What is a unit of alcohol?
Units of Alcohol. One unit of alcohol is approximately a single (25ml) measure of spirits, half a pint of beer or half a standard (175ml) glass of wine, although it depends on the strength of the drink. For more guidance see Drinkaware’s Alcoholic unit calculator or Alcohol Change UK’s Unit calculator.
What factors affect alcohol levels in breast milk?
The exact time interval for alcohol to clear from an individual mother’s breast milk (and blood) depends on:
- How many units of alcohol the mother has drunk (fewer units will be cleared more quickly)
- The mother’s body weight (heavier individuals metabolise alcohol more quickly than lighter individuals)
- Whether the mother has eaten food with the alcohol (see box)
- How quickly alcohol is broken down (metabolised) in the mother’s body. One study suggests that ethanol is broken down more quickly in lactating women8
The Academy of Breastfeeding Medicine 9 refers mothers to the Motherisk Program’s table which gives estimated time intervals for alcohol to clear from breast milk taking both the units of alcohol consumed and mother’s body weight into account. The less you have drunk and heavier you are, the quicker your body can metabolise the alcohol. Examples from the table include:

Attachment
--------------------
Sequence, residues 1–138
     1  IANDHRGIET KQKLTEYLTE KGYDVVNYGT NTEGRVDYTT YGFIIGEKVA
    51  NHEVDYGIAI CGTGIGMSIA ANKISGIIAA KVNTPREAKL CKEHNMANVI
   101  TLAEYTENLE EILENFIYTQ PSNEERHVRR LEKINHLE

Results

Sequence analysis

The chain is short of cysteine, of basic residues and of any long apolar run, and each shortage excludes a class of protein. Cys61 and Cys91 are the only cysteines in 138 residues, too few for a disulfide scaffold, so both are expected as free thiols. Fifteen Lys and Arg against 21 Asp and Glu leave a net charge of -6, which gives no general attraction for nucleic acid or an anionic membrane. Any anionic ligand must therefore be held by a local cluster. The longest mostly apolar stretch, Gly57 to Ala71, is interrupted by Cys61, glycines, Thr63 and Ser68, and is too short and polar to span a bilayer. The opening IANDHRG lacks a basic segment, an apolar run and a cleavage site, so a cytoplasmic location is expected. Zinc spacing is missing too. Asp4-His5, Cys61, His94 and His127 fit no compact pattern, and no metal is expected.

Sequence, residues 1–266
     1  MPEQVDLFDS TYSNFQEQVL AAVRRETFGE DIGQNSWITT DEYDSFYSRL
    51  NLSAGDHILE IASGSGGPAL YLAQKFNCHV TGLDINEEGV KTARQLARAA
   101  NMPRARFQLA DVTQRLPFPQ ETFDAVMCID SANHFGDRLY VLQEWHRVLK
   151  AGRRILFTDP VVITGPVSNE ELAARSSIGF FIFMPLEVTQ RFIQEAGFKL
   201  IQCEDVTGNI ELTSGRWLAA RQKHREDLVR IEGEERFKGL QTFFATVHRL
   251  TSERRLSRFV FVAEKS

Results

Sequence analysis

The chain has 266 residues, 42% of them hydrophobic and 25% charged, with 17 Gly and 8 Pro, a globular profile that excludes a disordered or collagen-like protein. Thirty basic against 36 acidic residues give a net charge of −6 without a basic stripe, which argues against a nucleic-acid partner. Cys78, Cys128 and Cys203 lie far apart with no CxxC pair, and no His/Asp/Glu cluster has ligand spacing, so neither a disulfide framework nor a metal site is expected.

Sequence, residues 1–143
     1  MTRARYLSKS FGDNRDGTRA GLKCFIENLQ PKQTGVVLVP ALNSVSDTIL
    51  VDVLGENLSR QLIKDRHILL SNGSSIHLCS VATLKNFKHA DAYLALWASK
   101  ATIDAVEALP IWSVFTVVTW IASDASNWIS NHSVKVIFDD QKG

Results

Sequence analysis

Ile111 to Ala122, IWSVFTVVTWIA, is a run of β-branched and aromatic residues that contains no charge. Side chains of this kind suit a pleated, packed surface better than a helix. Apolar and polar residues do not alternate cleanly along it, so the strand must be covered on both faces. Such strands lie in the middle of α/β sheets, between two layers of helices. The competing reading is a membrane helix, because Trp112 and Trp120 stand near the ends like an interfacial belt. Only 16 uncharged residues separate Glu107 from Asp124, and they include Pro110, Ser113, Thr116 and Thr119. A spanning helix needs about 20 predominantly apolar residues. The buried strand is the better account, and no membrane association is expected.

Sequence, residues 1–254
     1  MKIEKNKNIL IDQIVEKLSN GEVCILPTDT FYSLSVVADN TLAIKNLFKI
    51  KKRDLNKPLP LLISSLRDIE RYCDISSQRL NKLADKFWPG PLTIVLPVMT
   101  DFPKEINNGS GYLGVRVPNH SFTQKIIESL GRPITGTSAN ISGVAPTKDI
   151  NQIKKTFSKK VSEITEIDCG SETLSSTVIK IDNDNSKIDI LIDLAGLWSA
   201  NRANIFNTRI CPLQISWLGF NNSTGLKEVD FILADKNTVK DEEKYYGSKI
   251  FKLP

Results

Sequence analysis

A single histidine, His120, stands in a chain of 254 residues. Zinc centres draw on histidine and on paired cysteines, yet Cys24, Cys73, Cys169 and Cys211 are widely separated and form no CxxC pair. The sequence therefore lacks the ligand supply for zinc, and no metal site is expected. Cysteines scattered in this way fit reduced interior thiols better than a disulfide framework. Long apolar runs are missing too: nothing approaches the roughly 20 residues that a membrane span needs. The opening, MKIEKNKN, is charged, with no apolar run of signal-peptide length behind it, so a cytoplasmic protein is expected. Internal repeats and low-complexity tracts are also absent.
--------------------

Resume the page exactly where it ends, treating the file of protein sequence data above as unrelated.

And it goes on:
- A nine stone woman (125lb/57kg) is estimated to metabolise one unit of alcohol from her breast milk in 2.5 hours (2 hours 27 minutes) and four units in about 9 hours and 49 minutes.
- A twelve stone woman (170lb/77kg) is estimated to metabolise one unit of alcohol from her breast milk in about two hours (2 hours 5 minutes) and four units in eight hours 23 minutes.
Food and alcohol. Eating before drinking alcohol reduces and delays the time taken for the concentration of alcohol to reach its highest level in the blood. Consuming alcohol with food also reduces the total amount of alcohol absorbed into the blood and how quickly it can be eliminated from the body (LactMed, 2023).
#4 How can alcohol affect breastfeeding?
Drinking regularly or heavily can affect;
- Milk release (let-down)—ie how easily milk is released from the breast 1011
- Milk supply—ie how much milk is available 12